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Your iPhone is obsolete and so is integration as we know it

August 10, 2015
by Linda Rosenberg
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A decade ago, the iPhone was just a glimmer in a designer’s eye, and integration was a transformative concept in healthcare. The idea that we could improve patients’ health and extend their lives by addressing both their physical and behavioral health needs was unfamiliar to many—even revolutionary.

Today, we still have a long way to go in bringing integrated care to every community in America. But just as the rapid pace of technological change quickly makes your latest iPhone seem prehistoric, the pace of healthcare change has already made integration as we know it obsolete. Integrated care is being reinvented. And even those providers who were in the vanguard must now innovate to survive.

Here are four ways the future of integrated care looks nothing like the present.

1. We’re not playing solitaire any more.

For too long, behavioral health paid for with public dollars was carved out of the rest of the healthcare ecosystem. No one competed for our patients because there were few dollars available to serve this complex, vulnerable population. Today, competition driven by parity and payment reform has brought new financial resources to bear on behavioral health—and with them, new competitors jumping into the game.

Independent physician practice groups are interested in our customers. Hospital systems are building out community behavioral health and primary care satellites. Managed care organizations are becoming direct service providers. Private equity firms and venture capitalists are evaluating our customer base for their potential return on investment. To survive in this world, behavioral health organizations need to offer an integrated care experience that beats the competition.

2. Customer convenience is king.

Integrated care is no longer simply about embedding basic primary care services in behavioral health (or vice versa), and providing referral slips for all the rest. After all, even people with transportation, moderate incomes, and other supports don’t have the time for multiple visits, follow-up referrals to different specialists, or taking time off work for doctor’s appointments.

Integrated care is about making your organization into a one-stop shop for all your customers’ needs—and making them feel like valued and respected partners while you’re at it.

That means integrated care organizations of the future must invest in a multi-disciplinary workforce, from primary and specialty care physicians to social workers, case managers, and wellness coaches—all of whom are experts in health behavior change and building relationships through care that extends beyond clinic walls, into people’s lives. This integration of staff roles across practice settings isn’t just a building block of customer convenience; it’s a huge opportunity for early intervention in the chronic mental and physical illnesses that take such a toll on our nation’s health and finances.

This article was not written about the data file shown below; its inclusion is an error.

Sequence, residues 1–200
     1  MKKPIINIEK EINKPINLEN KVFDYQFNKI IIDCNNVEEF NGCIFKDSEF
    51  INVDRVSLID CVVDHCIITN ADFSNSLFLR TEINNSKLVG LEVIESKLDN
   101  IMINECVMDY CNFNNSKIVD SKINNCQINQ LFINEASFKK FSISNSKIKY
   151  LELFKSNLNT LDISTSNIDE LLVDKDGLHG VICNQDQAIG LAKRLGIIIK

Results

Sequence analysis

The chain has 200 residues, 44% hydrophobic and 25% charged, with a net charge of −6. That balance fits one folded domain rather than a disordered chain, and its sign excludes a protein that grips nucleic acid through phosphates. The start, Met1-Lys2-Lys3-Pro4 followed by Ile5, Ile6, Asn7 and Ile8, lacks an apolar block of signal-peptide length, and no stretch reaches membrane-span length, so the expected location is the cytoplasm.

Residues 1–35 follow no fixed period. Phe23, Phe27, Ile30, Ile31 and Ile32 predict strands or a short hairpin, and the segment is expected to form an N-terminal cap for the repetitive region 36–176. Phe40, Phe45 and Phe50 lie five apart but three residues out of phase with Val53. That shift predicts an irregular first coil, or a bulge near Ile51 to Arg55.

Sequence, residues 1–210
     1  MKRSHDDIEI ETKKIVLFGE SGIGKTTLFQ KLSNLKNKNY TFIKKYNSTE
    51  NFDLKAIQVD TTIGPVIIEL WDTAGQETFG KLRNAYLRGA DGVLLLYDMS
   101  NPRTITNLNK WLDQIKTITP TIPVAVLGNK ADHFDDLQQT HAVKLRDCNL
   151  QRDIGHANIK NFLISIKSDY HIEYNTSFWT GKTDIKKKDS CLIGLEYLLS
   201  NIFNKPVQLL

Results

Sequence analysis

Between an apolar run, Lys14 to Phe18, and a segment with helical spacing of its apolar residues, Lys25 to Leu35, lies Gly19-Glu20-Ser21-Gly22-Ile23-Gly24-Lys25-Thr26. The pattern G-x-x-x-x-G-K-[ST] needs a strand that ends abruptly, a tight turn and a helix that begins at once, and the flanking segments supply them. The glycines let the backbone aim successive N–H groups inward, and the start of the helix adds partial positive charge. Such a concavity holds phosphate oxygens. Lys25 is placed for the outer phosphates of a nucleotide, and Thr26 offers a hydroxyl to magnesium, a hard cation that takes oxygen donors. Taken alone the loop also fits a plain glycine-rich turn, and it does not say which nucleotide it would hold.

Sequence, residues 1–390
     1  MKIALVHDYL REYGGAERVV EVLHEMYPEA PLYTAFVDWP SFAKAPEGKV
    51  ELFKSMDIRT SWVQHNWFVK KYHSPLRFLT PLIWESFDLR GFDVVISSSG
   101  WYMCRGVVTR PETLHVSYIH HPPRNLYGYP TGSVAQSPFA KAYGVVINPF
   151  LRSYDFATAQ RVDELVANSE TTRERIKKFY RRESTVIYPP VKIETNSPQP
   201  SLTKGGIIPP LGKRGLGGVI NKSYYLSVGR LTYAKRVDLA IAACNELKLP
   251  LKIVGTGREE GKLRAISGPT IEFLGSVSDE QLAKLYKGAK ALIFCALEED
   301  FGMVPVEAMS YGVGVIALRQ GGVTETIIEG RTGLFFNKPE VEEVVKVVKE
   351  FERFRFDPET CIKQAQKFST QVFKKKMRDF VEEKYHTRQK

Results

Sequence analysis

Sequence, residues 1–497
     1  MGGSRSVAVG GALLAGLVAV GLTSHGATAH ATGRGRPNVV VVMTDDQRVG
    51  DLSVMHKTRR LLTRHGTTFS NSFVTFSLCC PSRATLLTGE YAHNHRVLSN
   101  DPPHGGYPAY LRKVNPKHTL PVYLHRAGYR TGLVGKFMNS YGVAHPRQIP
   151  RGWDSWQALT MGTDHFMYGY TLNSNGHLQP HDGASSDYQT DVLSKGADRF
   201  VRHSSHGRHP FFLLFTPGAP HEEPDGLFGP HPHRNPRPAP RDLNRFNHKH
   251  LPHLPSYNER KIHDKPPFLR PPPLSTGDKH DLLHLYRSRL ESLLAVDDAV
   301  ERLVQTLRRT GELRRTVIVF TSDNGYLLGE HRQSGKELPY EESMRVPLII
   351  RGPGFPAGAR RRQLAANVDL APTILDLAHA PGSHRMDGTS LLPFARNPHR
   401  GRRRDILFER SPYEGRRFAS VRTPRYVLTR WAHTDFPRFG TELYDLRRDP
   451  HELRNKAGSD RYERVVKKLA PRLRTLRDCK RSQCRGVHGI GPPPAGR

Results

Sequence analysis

3. If a tree fell, and no one collected the data, it didn’t make a sound.

Many physical health providers are already several steps ahead of behavioral health in implementing data collection—but we all fall short when it comes to using that data to inform treatment.

Integrated health systems of the future will use regular screening protocols, data collection and analysis to measure treatment efficacy and adjust course as needed. They’ll monitor patients’ daily functioning in addition to the clinical signs and symptoms of their conditions. And they’ll measure their providers’ overall performance in chronic disease management. What proportion of depressed patients at risk for diabetes received needed counseling? What workflow processes can be modified to improve that rate? Data will become your essential partner in treatment planning, care coordination, quality improvement, customer service, and every other aspect of your mission.

4. It’s time to get fully wired.

Behavioral health organizations that thrive in the future will know how to leverage the power of technology to extend the reach of staff, empower self-management, and offer the customer-centric experience technology can deliver. Just as technology has revolutionized the way we shop and interact, it will support a transformation in the way we seek and receive healthcare.

And here is where all four of these factors come together: successful integrated care requires the use of technology to collect and evaluate data, which is then used to improve treatment protocols, enhance the customer experience, and position your company for success in a newly competitive market.

Reinvention is about looking at things differently. Ten years ago, pop music fans were crushed when Destiny’s Child broke up, but the group’s demise unleashed the full force of Beyoncé's solo talent on the world. Ten years ago, it never occurred to me to want my email, photos and the Internet with me at all times, but now, I can’t live without my iPhone. Today, we’re working together to reinvent integrated care. Ten years from now, just imagine what we’ll have achieved.

Linda Rosenberg is president and CEO of the National Council for Behavioral Health.

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